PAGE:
Assignment Paper LINGMET Philosophy of Language University of Bergen Spring 2012
Introduction In this paper I will explain what Chomsky means by the phrase “The Poverty of the Stimulus”, based on his article “Knowledge of Language as a Focus of Inquiry”, and shortly present empiricist critique that has been made against this idea. The Poverty of the Stimulus Noam Chomsky presented the term Poverty of Stimulus in his work “Rules and Representations” in 1980, as a part of his theory of Universal Grammar (UG). Chomsky’s Universal Grammar is a linguistic theory seeking to explain what constitutes knowledge of language, how knowledge of language is acquired, and how knowledge of language is put to use. (Chomsky, Knowledge of Language as a Focus of Enquiry, 1986, p. 16). Chomsky states: It is concerned with those aspects of form and meaning that are determined by the “language faculty”… The nature of this faculty is the subject matter of a general theory of linguistic structure that aims to discover the framework of principles and elements common to attainable human languages … One may think of this faculty as a “language acquisition device”, an innate component of the human mind that yields a particular language through interaction with presented experience, a device that converts experience into a system of knowledge attained: knowledge of one or another language. (Chomsky, 1986) In other words, Chomsky’s idea is that the human brain contains an innate or natural capacity of learning and producing language, through experience only, without receiving direct teaching from others. One of the problems that are tackled in the UG theory is the question of how children are able to understand and use computationally complex rules without any direct instructions in the correctness of these rules or how to use them. Chomsky presents the poverty of stimulus as a response to ...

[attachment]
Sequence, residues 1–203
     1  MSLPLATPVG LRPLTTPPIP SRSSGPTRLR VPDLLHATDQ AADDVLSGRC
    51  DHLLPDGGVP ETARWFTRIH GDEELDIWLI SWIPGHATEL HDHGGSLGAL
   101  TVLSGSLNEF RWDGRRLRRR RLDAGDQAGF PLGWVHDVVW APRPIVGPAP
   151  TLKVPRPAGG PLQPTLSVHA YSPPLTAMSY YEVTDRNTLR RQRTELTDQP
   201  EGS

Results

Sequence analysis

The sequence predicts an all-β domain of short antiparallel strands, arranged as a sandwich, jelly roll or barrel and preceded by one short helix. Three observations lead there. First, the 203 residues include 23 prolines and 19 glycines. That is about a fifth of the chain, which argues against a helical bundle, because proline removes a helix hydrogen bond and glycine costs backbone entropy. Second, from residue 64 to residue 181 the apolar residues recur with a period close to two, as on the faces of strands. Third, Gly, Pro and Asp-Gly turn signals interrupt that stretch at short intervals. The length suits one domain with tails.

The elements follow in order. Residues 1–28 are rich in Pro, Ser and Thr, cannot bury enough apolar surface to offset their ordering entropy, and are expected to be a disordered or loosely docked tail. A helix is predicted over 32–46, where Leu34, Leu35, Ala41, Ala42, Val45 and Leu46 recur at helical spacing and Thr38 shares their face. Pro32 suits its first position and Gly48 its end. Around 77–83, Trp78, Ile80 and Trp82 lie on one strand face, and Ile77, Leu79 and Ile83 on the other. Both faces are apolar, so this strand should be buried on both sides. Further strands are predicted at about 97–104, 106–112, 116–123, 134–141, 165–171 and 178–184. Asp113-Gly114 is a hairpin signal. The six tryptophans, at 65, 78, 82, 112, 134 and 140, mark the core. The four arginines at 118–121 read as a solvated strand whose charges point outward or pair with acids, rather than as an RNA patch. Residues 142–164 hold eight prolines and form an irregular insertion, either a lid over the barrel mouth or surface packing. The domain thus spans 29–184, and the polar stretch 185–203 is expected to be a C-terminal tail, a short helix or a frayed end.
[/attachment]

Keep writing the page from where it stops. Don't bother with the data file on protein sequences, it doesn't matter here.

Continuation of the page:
References: Chomsky, Noam (1986). Knowledge of Language as a Focus of Enquiry. Greenwood Publishing Group, New York Tomasello, Michael (2005). Constructing a Language: a Usage‐Based Theory of Language Acquisition. Harvard University Press Cook, V.J. (1991). The poverty‐of‐the‐stimulus argument and multicompetence. University of Essex
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